“Fairness is foul”

John Fund wrote a column for today’s Wall Street Journal that details the battle over permanently banning the so-called "Fairness Doctrine."

House Republicans are trying to force a vote on the "Broadcast Freedom Act" – which would statutorily prohibit a return of the "Fairness Doctrine" – through the use of a discharge petition.  A discharge petition requires the signatures of 218 House members to force a vote.  Fund reports that so far 185 representatives have signed the discharge petition, "but all from Republicans. Democrats are being told by their leadership that signing such a petition would undermine their control of the House."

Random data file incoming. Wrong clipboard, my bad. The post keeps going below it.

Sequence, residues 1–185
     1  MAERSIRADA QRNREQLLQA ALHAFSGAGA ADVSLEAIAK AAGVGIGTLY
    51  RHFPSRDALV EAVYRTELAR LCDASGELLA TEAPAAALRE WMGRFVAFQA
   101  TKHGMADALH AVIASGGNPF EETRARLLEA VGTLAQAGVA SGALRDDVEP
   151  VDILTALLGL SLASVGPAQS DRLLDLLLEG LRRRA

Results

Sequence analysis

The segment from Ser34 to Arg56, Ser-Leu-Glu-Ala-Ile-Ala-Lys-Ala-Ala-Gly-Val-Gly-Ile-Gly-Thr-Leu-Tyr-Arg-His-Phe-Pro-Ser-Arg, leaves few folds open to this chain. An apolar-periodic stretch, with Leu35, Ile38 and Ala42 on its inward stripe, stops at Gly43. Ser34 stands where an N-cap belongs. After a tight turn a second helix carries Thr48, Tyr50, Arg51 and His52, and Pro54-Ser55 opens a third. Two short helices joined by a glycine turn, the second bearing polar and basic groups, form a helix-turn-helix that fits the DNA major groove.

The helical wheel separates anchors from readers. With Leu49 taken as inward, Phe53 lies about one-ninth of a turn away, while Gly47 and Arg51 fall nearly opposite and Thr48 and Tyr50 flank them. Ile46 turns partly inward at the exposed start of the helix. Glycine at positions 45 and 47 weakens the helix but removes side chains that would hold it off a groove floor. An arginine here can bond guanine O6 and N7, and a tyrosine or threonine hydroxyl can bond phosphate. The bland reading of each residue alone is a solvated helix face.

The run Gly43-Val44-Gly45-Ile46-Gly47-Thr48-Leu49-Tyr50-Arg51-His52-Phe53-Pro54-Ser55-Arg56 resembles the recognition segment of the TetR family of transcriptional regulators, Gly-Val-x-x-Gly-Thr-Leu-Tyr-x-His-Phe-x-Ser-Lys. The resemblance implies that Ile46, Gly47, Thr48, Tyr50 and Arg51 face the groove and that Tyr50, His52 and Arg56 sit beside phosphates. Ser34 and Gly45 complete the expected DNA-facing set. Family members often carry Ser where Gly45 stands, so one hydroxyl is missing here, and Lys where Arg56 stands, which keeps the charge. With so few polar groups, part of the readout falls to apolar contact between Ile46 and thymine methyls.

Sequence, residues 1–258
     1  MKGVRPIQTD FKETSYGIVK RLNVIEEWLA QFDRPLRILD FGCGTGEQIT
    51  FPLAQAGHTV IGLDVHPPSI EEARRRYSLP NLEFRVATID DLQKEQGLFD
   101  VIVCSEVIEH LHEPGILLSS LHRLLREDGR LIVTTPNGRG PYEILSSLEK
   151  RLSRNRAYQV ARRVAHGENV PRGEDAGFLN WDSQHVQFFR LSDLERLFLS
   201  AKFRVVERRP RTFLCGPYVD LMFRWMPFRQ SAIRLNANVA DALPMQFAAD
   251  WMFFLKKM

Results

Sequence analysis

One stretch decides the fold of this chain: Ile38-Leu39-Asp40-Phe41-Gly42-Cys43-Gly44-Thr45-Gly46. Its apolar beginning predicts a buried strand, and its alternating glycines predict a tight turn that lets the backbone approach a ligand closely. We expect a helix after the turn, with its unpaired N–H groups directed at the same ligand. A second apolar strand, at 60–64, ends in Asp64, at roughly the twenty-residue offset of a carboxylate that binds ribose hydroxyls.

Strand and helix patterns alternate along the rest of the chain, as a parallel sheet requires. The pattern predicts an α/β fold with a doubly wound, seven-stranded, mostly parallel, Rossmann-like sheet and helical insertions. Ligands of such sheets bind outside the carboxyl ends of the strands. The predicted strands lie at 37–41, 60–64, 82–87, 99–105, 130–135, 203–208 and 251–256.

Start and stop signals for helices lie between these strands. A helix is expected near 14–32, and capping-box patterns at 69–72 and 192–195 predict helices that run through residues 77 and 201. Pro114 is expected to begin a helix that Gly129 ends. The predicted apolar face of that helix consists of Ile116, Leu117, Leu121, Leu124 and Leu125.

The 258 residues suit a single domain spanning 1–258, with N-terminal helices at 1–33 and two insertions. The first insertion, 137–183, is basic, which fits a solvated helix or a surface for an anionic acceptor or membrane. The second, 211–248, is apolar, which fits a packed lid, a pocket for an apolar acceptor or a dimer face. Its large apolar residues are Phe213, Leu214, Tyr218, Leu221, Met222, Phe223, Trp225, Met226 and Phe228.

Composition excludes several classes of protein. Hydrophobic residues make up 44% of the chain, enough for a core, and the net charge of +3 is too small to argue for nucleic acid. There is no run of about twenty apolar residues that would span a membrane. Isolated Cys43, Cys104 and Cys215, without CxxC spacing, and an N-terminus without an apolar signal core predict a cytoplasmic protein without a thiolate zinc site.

Fund astutely recognizes that "the Fairness Doctrine has always had fans in the corridors of power because it gave incumbents a way of muzzling their opponents. The Kennedy administration used it as a political weapon. Bill Ruder, Kennedy’s assistant secretary of commerce, explained: ‘Our strategy was to use the Fairness Doctrine to challenge and harass right-wing broadcasters and hope that the challenges would be so costly to them that they would be inhibited and decide it was too expensive to continue.’ The Nixon administration similarly used the doctrine to torment left-wing broadcasters."

The Center for Competitive Politics is now the Institute for Free Speech.